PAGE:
From the big screen to fashion magazines
Purses from the French luxury brand Louis Vuitton have been so ubiquitous in Korea that they earned the nickname of “bags seen every 3 seconds.” A scathing moniker, yet a fitting one for the ostentatious nature of Korean consumers. For such a small country, spending on the luxuries is so high that it constantly draws the attention of renowned luxury brands.
While it previously played only the role of consumer, the Korean luxury market has begun contributing in an unconventional way. Louis Vuitton confessed to having gotten inspiration from outfits shown in Korean films and selected actress Bae Doo-na as their spokesmodel for the global marketing campaign.
The 36-year-old actress now holds the title of Louis Vuitton ambassador, and is the first Korean to be the face of a global marketing campaign by the world-renowned luxury brand.
The artist loved the way Bae was able to transform herself into just about anything, from an archer (in “The Host”) to an inflatable doll (in 2009’s “Air Doll”).
“I always had my own taste for the movies,” Bae recalled, adding that she “applied that taste when choosing what movies to be part of. My choice of work was not about which movie would satisfy the most people or draw the most viewers.”
The Joongang Ilbo met the inspirational actress at the Louis Vuitton store in Cheongdam-dong, southern Seoul.
Q. How did you feel about becoming the face of Louis Vuitton?
A. It is a great honor to be the face of a brand with a history as long as Louis Vuitton’s. I was very happy to have worked with Ghesquiere, whose work I always have admired, and the world-class photographer Juergen Teller.
How did you and Ghesquiere get to know each other?
I was invited when he held his first annual fashion show for Louis Vuitton two years ago. I recall exchanging awkward hellos then. But he invited me to every exhibition after that and we got better.
How did you learn English, by the way?
I try to read English books. Small talk gives me a much harder time than when having business discussions.
What is it like to be somebody’s “muse,” as Ghesquiere put it?
It is definitely exhilarating. Being a muse is sharing feelings and inspirations. It is about cultivating a relationship between the creator and the muse and becoming essentially friends with each other.
Friends - is that what you two are to each other?
I think we qualify. We watch movies and have dinner in Paris. While we don’t talk much business, we do talk about our personal troubles. Spending time with him and his friends on a Spanish island let me get to know about his friends, Pierre Hardy [shoe designer] and Julien Dossena [Paco Rabanne designer] as well.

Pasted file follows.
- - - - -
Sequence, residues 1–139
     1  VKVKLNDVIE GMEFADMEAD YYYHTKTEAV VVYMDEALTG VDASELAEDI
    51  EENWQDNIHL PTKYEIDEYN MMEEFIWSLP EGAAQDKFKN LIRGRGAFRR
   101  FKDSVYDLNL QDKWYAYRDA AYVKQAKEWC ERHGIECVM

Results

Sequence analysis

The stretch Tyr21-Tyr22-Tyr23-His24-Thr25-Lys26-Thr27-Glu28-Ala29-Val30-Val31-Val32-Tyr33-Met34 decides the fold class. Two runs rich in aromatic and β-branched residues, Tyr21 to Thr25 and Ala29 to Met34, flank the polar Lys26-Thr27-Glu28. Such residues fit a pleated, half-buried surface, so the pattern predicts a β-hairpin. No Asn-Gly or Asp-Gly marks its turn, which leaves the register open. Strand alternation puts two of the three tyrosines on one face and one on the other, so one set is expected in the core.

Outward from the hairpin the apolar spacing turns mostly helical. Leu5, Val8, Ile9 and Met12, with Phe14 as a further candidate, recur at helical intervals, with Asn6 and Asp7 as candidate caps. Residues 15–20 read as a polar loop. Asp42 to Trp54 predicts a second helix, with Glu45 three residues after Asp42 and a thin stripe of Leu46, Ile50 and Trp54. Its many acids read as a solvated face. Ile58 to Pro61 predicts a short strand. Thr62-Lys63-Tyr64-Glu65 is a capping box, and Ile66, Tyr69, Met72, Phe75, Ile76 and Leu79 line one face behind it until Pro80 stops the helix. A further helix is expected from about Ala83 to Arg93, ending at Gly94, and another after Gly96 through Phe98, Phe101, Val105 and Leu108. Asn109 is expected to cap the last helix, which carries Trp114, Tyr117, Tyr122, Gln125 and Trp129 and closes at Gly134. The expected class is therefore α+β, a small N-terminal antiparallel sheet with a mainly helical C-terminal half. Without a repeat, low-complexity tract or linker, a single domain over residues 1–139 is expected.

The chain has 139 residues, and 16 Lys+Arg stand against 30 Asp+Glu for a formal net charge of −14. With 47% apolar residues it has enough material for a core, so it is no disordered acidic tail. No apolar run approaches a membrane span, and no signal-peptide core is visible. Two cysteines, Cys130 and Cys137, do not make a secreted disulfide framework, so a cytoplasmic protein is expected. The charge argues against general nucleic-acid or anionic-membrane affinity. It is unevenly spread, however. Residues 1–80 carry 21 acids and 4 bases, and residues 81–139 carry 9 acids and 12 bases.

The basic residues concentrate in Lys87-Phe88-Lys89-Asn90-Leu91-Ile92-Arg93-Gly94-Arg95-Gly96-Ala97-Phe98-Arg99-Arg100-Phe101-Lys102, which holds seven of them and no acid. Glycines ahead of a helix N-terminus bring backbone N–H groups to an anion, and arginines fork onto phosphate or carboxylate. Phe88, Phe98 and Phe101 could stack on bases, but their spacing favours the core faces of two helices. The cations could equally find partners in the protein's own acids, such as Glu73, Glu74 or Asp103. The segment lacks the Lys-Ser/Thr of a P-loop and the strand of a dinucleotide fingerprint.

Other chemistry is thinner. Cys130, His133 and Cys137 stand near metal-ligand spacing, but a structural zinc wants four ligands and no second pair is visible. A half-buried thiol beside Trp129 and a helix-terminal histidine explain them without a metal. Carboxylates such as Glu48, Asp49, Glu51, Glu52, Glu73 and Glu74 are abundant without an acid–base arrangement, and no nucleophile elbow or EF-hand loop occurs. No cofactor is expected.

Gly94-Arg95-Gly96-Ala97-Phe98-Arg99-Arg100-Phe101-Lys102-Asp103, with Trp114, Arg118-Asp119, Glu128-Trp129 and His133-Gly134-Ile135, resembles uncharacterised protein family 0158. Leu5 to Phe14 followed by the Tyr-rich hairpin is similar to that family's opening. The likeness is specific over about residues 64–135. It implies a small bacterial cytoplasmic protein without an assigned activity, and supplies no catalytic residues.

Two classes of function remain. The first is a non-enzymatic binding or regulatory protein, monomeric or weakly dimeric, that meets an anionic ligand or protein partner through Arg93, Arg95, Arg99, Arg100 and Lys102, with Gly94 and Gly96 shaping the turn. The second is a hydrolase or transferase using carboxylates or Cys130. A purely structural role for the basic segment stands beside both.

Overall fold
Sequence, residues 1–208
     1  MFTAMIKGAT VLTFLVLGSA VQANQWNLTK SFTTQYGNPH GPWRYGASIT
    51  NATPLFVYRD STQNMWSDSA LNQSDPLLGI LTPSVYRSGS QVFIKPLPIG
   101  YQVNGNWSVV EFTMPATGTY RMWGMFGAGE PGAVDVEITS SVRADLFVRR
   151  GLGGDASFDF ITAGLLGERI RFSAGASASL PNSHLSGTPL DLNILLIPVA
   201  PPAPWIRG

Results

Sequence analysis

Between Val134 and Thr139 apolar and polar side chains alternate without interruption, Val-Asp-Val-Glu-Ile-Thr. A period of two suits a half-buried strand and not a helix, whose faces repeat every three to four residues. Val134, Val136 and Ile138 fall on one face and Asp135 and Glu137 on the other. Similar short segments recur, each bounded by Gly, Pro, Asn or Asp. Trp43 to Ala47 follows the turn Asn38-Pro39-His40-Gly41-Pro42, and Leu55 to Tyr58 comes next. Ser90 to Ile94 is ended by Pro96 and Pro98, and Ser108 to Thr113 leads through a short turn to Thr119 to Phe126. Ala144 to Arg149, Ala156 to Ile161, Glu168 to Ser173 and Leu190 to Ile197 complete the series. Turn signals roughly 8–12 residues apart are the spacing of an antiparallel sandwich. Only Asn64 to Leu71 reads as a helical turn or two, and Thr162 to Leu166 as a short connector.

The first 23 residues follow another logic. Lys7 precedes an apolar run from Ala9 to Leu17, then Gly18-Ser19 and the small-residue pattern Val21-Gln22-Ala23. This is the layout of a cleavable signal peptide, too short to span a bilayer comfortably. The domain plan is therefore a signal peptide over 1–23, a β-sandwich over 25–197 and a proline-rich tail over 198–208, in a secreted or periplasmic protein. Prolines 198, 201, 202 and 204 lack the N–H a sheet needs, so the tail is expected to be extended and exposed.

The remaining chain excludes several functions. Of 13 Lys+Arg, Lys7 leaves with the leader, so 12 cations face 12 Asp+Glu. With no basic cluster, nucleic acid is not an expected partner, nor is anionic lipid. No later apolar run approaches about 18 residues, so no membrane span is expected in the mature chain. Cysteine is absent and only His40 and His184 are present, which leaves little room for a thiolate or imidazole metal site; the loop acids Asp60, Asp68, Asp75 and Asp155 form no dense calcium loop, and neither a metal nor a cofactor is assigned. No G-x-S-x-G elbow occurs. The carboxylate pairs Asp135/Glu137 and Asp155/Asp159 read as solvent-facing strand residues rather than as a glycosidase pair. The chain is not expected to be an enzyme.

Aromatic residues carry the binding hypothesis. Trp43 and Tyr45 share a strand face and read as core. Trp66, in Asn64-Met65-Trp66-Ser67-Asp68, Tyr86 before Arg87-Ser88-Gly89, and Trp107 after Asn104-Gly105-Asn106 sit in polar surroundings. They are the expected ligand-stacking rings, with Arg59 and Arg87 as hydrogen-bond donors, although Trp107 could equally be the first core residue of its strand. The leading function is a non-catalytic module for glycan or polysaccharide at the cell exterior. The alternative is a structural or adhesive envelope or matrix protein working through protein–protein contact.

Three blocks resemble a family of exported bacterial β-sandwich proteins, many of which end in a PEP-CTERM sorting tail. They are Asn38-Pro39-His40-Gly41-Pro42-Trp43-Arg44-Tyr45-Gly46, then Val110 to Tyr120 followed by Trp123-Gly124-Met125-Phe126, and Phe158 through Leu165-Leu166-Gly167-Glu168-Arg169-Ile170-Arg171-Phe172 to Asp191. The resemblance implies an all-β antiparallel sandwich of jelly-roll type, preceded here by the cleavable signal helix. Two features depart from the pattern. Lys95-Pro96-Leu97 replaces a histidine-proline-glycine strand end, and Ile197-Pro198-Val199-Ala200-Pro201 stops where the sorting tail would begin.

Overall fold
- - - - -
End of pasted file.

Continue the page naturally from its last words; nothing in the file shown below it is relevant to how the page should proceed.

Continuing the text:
What made you two hit it off?
We see a lot of similarities in each other. I was surprised to hear Nicola had watched “The Host” over five times. Obviously, I like his work as well, and neither of us are gregarious people. Our similarities actually exist in the smallest things, so I am not really sure if it’s appropriate to say we are the biggest sources of inspiration (chuckles).
Some of his works are reminiscent of you?
Well, Nicola did say once that he wanted to design sweats like the ones I was wearing in “The Host.”
Korea may have ascended to fashion inspiration, thanks to you. Do you think it has?
Inspiration is not really a one-way thing. It was interesting to learn that “The Host” director Bong Joon-ho got some inspiration from the works of Cindy Sherman, and to hear from Cindy Sherman, whom I admire so much as a photographer, that “The Host” was the best out of all the movies she has watched in the last five years.
Requirements on actresses have changed as more emphasis is put on their performances. In your estimation, has the standard of beauty changed as well?
Impactful and strong actresses really shine. By strong I mean able to open themselves up to the public. Good acting can cover up some of the deficiencies and eventually make a person more beautiful, and I believe that is beauty in its natural state. That is one of the biggest draws I felt from Nicola’s exhibitions. He has his models be who they are with virtually naked faces and minimizes artificial elements. It’s sexy.
How was working with Jurgen Teller, the photographer?
He always wanted to capture spontaneous and fortuitous moments. He never asked me for particular poses or gestures. He would just capture me waiting or just doing nothing. We did share as if he had me pictured already within his head.
Lots of activities in different countries are planned ahead for you. How are you handling them?
I have never dreamed of working overseas, but I have never had a fear of it either. When I auditioned for the Wachowskis’ “Cloud Atlas” (2012), my English was so poor I could hardly even bear it.
But believing it was more about the attitude and my character, I did it and made it. I’ll be spending half a year traveling in eight different countries to finish the shooting for [the U.S. drama series] “Sense8.” I do hope I can have shootings in Korea for the remainder of the year.
BY PARK HYUN-YOUNG [firstname.lastname@example.org]